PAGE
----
Saturday, October 8, 2011

A Village

It was my son's birthday party today, and it was glorious seeing six little toddlers playing together and only occasionally toppling over each other. Now, you might think it would be a bit crazy having that many toddlers roaming around, but you would be forgetting that they each brought on average two adults with them.

So what we in fact had was a loosely organised herd: the parents helped and looked after whatever child wandered up to them in search of cake or assistance getting up stairs. It was very pleasant being in the company of people who you can trust to feed, cuddle or discipline your child as necessary if you're otherwise engaged. I've always found the saying "it takes a village to raise a child" very twee, but I do agree with it. It's also quite a lot of fun being part of the child-rearing village.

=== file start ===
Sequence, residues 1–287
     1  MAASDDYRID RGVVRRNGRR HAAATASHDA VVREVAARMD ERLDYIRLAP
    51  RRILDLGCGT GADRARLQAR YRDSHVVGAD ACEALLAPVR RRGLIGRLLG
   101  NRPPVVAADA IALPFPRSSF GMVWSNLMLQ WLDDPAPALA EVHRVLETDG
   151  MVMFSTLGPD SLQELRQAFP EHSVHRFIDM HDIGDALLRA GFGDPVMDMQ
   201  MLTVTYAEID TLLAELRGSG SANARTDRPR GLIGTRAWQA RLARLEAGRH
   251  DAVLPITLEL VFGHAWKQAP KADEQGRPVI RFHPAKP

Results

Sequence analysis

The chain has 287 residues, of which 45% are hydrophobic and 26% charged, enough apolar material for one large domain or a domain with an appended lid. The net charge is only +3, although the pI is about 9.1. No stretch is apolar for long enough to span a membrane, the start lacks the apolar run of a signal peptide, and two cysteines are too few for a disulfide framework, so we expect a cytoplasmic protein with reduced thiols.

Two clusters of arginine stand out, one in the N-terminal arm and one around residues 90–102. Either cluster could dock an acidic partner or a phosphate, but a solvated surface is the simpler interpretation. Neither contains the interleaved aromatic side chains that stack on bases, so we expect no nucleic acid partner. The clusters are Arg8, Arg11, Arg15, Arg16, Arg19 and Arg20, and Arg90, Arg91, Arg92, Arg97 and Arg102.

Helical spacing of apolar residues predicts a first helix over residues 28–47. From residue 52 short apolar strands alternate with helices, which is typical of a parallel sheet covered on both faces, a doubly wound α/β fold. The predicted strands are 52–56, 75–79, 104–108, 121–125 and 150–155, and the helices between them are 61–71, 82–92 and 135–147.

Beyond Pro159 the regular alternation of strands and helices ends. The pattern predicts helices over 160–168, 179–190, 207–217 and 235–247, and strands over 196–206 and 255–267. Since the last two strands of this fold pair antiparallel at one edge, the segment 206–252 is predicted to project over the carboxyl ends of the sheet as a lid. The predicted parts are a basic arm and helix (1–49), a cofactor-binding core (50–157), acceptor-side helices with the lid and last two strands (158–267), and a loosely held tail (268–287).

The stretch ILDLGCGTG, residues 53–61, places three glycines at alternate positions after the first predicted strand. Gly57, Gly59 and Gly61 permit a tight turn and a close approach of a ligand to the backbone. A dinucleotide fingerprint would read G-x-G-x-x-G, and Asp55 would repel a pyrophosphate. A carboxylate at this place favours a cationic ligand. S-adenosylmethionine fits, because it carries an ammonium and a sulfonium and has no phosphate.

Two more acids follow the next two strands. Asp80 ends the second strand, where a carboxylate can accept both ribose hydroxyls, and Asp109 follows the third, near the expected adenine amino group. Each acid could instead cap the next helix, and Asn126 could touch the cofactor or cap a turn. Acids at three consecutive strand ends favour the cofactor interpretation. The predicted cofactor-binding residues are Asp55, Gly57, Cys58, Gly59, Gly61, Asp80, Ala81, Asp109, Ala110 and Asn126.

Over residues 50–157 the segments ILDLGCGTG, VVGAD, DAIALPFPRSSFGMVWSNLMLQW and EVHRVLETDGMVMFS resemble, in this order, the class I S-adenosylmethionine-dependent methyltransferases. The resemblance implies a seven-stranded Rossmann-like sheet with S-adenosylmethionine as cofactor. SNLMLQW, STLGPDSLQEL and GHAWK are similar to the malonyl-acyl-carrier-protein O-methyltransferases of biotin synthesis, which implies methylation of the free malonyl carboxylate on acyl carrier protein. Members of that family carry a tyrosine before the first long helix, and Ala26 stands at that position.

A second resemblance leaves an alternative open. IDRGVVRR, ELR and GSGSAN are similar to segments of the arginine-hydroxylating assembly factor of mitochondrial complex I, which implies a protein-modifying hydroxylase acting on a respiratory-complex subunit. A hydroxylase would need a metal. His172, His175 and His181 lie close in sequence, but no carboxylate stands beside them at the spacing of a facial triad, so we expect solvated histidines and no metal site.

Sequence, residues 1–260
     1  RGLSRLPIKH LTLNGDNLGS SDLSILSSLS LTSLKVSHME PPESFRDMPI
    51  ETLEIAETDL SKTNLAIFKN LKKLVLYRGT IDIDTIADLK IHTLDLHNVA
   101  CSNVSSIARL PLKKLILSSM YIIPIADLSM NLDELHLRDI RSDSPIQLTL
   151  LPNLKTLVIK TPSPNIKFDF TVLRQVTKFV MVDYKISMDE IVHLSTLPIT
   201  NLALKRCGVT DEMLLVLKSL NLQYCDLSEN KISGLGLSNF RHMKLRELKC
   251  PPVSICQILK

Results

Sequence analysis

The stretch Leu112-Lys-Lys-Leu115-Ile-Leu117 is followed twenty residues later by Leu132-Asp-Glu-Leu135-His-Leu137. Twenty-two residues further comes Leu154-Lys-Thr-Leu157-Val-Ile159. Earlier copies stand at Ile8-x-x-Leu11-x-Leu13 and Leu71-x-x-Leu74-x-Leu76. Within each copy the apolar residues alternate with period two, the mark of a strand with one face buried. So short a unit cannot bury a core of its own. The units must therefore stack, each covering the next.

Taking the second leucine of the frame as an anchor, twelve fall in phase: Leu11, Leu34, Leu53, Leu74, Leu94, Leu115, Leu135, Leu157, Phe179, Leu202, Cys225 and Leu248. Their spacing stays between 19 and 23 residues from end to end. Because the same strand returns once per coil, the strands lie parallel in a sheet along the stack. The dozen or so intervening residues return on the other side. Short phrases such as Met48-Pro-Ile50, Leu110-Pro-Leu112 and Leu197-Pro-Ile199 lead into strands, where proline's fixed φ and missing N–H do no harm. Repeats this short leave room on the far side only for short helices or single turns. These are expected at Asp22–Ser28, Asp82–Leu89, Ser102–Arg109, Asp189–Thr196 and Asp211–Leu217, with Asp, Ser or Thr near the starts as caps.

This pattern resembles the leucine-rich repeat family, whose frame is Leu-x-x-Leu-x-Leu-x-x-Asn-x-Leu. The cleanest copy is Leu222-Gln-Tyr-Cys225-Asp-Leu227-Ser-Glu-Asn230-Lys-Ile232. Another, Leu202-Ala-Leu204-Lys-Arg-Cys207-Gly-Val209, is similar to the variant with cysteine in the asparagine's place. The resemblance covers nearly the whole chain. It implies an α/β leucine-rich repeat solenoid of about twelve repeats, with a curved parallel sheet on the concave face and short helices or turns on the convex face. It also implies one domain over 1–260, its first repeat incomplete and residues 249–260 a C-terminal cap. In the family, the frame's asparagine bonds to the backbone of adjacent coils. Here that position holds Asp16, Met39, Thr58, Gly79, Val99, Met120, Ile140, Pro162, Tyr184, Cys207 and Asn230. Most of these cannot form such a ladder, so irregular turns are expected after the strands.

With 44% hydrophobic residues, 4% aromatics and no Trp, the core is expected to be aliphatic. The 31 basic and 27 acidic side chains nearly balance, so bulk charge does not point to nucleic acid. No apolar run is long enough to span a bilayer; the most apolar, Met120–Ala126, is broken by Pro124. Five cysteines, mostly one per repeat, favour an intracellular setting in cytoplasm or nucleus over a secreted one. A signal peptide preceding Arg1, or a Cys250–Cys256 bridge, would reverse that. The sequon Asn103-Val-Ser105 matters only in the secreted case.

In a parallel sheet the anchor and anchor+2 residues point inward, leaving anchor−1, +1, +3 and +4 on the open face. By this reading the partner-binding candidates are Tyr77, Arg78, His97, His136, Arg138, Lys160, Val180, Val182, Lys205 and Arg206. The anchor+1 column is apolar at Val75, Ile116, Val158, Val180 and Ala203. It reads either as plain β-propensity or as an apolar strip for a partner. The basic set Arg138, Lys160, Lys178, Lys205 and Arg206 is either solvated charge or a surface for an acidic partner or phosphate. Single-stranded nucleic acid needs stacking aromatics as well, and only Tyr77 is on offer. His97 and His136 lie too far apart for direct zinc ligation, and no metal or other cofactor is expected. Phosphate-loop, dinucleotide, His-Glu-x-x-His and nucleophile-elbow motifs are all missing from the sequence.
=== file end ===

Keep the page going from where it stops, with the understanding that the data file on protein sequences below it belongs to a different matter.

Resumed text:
I don't know if it necessarily takes a village to finish a thesis as such, but it does take a village to keep a thesis-writer from spiralling into self-doubt and forsaking personal hygiene.

I've been preparing for my upcoming thesis submission (Monday!), and I've become very aware of my thesis-village. Many people have congratulated me on my impending submission by email or in person and have shown genuine delight in me reaching this milestone. I've been the recipient of a bucketload of goodwill.

For example, when I suddenly decided I could do with some fresh eyes playing spot-the-typo with my work, three friends agreed to help me out at the last minute.They soldiered through it in the face of illness, work and, you know, whatever it is that people normally do of an evening. Not only did they complete the task on a tight schedule, but they also delighted me with such friendly encouragement as "you are a muthaeffing genius", offered to deliver their comments with a croissant, and enthused that it is time we "submit this mofo". (Brooke, Laurie and Danica: you are the best.)


I really don't believe in the line about thesis-writing being lonely work. Solitary certainly, but not lonely. Not with a village.

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